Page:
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Family ties common in Iowa wrestling

BY J.T. BUGOS | NOVEMBER 19, 2009 7:21 AM

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The Iowa wrestling program is no stranger to having brothers on the same squad. What the program isn’t accustomed to, however, is having an uncle and a nephew who view themselves as brothers.

Freshman Ethen Lofthouse joined his uncle, junior Luke Lofthouse, on the Iowa squad this year.

After wrestling with his younger brother in high school for three years, joining Luke Lofthouse was something Ethen Lofthouse had looked forward to for a long time.

For Luke Lofthouse, the three months he has shared the wrestling room with his nephew have been completely normal.

“I grew up with him and lived with him all my life,” the 197-pounder said. “It’s actually really cool because I haven’t been able to see him wrestle much because I’ve been here. It’s nice to have him around, and it’s not weird at all. It’s a good situation.”

Ethen Lofthouse has lived with his uncle and his parents since seventh grade, so he sees Luke Lofthouse as more of a sibling. A twin, perhaps?

Twin wrestlers have tended to be common for Iowa.

Ed Banach, a four-time All-American and three-time NCAA champion, and twin brother Lou Banach, a two-time NCAA champion, anchored the Hawkeyes from 1980-83.

Troy Steiner, a four-time All-American and NCAA champion, and twin brother Terry Steiner, a three-time All-American and NCAA champion, wrestled for legendary head coach Dan Gable.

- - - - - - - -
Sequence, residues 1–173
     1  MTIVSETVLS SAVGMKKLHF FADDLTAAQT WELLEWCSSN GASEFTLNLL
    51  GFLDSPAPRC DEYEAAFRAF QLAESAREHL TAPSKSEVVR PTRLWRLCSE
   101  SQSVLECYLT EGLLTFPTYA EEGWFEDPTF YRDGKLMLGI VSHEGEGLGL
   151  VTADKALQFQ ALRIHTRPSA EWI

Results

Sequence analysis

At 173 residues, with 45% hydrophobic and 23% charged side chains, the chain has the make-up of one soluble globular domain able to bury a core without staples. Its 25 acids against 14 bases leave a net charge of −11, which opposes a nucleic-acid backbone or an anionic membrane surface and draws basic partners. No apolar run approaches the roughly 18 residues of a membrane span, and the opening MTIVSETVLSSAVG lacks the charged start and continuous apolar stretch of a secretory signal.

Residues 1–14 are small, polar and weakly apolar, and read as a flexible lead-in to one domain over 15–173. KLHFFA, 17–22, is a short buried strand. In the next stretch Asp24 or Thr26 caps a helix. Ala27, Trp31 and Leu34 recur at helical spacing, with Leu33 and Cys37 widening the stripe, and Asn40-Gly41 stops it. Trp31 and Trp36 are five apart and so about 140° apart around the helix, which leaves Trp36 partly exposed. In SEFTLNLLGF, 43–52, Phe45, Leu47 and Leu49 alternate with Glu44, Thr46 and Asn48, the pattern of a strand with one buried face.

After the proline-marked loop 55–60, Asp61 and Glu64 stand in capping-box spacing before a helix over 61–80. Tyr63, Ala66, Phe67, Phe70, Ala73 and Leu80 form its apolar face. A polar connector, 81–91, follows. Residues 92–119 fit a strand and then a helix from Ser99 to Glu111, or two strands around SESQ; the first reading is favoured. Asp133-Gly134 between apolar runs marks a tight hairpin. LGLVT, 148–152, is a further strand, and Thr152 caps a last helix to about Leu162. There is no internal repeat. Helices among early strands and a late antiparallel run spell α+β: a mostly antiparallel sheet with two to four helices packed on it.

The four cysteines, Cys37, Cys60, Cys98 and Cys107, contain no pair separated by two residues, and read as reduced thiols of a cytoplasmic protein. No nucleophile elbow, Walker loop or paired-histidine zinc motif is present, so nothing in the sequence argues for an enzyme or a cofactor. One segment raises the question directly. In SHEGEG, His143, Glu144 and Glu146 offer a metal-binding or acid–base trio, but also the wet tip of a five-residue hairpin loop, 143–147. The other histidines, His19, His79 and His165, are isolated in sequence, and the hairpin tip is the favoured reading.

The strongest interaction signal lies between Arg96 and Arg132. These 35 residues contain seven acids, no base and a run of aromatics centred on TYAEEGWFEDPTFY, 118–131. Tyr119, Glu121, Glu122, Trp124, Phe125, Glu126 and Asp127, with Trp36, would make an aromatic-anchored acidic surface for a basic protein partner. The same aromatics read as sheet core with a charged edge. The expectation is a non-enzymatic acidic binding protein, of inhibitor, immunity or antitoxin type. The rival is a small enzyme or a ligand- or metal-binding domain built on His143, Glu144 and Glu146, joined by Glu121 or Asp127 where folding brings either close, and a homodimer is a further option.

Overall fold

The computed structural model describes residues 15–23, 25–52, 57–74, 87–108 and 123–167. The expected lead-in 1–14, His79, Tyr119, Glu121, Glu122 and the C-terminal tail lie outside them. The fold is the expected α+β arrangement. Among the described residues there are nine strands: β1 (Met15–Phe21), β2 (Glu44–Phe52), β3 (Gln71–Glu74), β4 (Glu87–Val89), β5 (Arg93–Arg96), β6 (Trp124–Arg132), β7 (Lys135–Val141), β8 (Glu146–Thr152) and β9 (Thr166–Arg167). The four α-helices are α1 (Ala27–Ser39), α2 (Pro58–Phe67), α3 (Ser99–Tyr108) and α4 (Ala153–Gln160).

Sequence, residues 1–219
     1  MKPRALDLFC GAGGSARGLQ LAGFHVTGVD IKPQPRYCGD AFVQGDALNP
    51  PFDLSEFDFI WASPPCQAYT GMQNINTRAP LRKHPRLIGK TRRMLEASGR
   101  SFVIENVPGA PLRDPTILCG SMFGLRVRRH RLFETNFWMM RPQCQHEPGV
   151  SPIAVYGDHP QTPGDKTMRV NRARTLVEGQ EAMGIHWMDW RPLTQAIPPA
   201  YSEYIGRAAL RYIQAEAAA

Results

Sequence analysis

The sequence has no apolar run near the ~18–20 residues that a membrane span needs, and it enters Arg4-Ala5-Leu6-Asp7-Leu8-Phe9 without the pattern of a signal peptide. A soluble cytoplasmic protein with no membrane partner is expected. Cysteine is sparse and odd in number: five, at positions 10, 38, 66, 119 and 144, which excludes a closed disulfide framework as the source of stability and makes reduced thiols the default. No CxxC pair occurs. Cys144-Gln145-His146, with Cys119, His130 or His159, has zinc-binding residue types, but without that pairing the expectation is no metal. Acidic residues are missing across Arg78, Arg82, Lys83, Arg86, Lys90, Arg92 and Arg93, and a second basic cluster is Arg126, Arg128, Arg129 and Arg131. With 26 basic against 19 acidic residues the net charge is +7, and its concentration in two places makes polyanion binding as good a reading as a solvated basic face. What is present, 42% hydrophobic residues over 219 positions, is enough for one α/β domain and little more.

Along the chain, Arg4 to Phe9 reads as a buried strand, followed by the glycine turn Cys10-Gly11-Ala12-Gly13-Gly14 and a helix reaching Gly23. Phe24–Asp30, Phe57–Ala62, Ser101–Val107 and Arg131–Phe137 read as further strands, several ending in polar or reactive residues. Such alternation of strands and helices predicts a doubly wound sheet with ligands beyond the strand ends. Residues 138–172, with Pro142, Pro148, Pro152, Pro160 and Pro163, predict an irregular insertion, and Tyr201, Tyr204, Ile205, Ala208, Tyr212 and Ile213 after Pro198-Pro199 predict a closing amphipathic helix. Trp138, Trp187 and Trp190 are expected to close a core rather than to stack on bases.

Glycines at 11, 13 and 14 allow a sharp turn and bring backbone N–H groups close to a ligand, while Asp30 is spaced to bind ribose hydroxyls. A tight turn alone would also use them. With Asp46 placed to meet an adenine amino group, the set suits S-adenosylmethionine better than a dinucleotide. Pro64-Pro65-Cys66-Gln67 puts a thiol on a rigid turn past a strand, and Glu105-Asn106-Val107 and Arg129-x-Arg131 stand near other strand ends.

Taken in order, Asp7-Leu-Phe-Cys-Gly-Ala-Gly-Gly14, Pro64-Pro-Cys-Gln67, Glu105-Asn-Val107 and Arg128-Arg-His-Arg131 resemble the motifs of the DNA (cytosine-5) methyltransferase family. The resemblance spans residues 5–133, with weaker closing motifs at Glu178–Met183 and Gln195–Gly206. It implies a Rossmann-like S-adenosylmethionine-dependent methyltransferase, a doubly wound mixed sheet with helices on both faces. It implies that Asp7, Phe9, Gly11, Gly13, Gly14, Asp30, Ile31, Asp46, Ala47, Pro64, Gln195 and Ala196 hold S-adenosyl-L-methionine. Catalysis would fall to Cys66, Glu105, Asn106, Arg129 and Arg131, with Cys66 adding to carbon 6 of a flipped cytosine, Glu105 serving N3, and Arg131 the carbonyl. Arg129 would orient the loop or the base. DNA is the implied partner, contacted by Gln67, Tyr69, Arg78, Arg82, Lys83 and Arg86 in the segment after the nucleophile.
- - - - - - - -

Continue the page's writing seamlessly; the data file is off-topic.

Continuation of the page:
And who can forget about head coach Tom Brands and assistant coach Terry Brands, who starred on the mats at Iowa from 1989-92? Tom Brands was a four-time All-American and three-time NCAA champion, and twin Terry Brands was a three-time All-American and two-time NCAA champion.

Now, the brotherly love extends to junior Matt Ballweg and redshirt freshman Mark Ballweg. A third brother, Jake Ballweg, will join the Hawkeyes next season.

Brother or uncle, Ethen Lofthouse said Luke Lofthouse is a good influence and a good person to look up to.

Luke Lofthouse tries to be the best role model possible, and he said he might even take his nephew under his wing more than he needs to.

But once the Avon, Utah, natives step on the mat, family ties are forgotten.

Luke Lofthouse said it hasn’t been odd grappling with his nephew. Once they start wrestling, he said, all is fair game.

Ethen Lofthouse admitted to having a bizarre feeling wrestling his uncle at first, but those have passed.

“Now, it’s just a guy on the team,” the 174-pound youngster said. “What happens in the room stays in the room.”

When both were younger, Ethen Lofthouse said, some wrestling in the house wasn’t infrequent. Now that they are both older, though, a mutual respect has developed, and they don’t feel the need to tangle outside of the wrestling room.

If the rest of the Hawkeyes decide to give them heat about their family tie, which is unique because they are only six years apart, they won’t have a problem joining forces.

“If they do start, I’m pretty sure Luke and I can handle our own,” Ethen Lofthouse said.


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